Valuable Chemical Produced from Renewables Instead of Petroleum

March 11, 2015

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Fermenter used in the scale-up of malonic acid.| Photo courtesy of Roy Kaltschmidt/Berkeley Lab

Fermenter used in the scale-up of malonic acid.| Photo courtesy of Roy Kaltschmidt/Berkeley Lab

Researchers at Lygos, Inc., an industrial biotechnology company, achieved a critical breakthrough in the cleaner production of malonic acid, a valuable chemical used to manufacture many products, including pharmaceuticals, cosmetics, food, and specialty materials. More than a decade ago, a report prepared for the U.S. Department of Energy identified malonic acid as one of the top 30 value-added chemicals to be produced from biomass-derived sugar. To date, its production has relied on a petrochemical process that is costly and environmentally hazardous. The new manufacturing technology produces malonic acid from sugar—a cost- and energy-efficient process that could replace the existing petroleum production of malonic acid, decrease CO2 emissions, and eliminate toxic inputs.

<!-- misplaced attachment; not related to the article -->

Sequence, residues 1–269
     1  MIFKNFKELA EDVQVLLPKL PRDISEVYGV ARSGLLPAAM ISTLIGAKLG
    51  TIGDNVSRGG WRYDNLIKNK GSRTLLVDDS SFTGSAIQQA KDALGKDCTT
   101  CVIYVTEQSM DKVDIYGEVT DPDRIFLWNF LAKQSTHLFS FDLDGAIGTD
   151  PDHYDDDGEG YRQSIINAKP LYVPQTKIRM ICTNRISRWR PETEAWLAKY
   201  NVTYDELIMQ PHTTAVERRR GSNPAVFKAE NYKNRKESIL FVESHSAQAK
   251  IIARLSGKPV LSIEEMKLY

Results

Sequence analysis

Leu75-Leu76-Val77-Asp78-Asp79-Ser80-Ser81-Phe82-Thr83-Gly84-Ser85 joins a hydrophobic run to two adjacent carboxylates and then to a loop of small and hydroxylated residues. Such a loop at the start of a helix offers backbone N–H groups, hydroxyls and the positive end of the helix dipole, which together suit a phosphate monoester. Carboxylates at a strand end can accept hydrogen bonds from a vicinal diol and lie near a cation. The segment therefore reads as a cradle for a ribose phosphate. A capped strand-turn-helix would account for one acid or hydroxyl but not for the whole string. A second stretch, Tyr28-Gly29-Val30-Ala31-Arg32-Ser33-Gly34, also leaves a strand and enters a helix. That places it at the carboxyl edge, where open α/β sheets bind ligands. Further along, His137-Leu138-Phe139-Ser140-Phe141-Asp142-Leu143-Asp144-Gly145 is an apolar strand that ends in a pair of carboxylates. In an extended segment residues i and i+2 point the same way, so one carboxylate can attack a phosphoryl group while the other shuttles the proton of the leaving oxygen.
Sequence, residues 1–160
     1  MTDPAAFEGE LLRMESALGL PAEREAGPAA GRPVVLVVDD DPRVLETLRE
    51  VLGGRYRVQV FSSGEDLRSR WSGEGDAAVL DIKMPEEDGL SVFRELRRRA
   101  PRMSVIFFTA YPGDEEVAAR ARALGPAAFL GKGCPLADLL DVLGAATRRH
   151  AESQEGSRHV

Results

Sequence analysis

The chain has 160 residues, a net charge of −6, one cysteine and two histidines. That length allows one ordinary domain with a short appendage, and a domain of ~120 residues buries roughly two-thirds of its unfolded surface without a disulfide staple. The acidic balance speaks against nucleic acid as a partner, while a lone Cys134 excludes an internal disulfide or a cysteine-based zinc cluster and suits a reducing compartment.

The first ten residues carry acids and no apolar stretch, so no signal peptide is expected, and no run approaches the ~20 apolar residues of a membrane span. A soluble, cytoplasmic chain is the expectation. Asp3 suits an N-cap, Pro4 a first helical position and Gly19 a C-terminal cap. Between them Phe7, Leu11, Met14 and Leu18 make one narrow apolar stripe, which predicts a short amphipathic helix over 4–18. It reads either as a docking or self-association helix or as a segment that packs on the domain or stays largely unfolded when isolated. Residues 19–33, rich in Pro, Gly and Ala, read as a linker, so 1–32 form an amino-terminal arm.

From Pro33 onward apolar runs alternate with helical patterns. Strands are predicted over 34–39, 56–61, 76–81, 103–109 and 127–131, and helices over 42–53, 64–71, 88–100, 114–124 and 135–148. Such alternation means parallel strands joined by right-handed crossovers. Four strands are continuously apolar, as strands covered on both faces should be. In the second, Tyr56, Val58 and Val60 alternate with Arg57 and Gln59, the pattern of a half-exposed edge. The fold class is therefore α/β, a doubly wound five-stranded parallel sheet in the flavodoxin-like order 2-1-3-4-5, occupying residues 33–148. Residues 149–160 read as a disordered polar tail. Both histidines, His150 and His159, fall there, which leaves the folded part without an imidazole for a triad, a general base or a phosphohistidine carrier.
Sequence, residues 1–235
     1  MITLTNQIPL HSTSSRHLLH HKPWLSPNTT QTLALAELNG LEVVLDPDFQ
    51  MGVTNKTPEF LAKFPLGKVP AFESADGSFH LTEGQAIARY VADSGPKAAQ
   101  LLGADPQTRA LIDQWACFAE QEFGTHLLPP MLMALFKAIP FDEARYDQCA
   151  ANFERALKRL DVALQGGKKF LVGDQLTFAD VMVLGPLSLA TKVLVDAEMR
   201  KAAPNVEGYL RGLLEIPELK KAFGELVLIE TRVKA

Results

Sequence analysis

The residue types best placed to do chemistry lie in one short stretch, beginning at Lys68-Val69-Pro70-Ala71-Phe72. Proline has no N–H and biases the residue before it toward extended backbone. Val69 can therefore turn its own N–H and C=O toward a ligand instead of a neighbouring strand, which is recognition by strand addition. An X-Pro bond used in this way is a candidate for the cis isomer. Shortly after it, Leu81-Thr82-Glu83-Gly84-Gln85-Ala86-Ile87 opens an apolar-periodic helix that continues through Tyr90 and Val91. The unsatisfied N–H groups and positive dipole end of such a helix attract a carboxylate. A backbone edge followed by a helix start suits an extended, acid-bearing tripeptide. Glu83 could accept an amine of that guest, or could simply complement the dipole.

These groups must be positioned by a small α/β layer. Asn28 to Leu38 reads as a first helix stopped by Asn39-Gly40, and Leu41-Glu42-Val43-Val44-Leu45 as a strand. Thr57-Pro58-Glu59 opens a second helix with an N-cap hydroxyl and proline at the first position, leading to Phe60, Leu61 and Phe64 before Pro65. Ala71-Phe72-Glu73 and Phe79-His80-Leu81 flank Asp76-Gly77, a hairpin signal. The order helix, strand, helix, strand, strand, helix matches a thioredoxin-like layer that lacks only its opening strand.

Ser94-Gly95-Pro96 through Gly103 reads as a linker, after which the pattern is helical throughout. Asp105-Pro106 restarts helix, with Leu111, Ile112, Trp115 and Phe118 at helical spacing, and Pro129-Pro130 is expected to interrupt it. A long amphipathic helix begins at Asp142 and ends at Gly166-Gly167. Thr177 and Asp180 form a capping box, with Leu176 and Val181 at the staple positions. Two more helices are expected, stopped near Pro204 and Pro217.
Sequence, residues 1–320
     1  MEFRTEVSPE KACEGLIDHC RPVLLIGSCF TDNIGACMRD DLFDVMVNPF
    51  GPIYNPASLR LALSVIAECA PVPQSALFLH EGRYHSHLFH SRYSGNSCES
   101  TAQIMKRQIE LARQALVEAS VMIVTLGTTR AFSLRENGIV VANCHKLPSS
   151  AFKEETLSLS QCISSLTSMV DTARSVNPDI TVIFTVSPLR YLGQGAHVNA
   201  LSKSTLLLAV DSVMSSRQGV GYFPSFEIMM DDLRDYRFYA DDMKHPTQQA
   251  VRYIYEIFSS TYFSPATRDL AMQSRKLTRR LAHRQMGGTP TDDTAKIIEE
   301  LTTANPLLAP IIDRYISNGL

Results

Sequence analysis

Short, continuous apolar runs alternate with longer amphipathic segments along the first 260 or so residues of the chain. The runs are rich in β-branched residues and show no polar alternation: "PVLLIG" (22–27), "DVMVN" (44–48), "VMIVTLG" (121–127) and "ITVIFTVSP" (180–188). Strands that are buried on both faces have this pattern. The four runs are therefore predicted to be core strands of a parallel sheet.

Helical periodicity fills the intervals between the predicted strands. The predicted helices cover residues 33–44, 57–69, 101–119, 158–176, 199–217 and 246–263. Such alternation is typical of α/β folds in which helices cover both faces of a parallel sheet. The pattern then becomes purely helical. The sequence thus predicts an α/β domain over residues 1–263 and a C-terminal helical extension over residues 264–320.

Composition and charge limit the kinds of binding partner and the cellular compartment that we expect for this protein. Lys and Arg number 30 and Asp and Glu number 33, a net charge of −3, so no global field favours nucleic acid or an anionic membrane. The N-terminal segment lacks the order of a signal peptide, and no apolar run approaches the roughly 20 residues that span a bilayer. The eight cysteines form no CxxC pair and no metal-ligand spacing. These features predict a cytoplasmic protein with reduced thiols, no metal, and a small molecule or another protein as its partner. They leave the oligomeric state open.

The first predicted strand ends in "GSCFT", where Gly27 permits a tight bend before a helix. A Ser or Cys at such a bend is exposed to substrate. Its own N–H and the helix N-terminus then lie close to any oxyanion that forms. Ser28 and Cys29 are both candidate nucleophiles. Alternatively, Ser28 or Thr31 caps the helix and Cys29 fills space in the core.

"This is an exciting achievement for our team—it's the first time malonic acid has been produced in meaningful quantities from renewable materials instead of petroleum,” said Lygos CEO Dr. Eric Steen in the company’s press release. “With this manufacturing run, we are able to provide samples of high-quality malonic acid to customers and partners. As we move forward with commercialization, we're seeking additional partners to accelerate larger scale manufacturing and unlock new product applications."

The pilot-scale manufacturing was completed in the research phase of a program funded in part by the Department of Energy’s Bioenergy Technologies Office (BETO). Lygos, Inc. performed scale-up production in the Advanced Biofuels Process Demonstration Unit (ABPDU) at Lawrence Berkeley National Laboratory. A state-of-the-art research facility, the ABPDU is available to industry, national laboratories, and academia for the demonstration of biomass production processes.

BETO’s Biochemical Conversion Technology Area—along with its other technology areas across the biomass supply chain—aims to find cost-effective pathways to sustainably produce biofuels, bioproducts, and biopower, and reduce the United States’ dependence on foreign oil.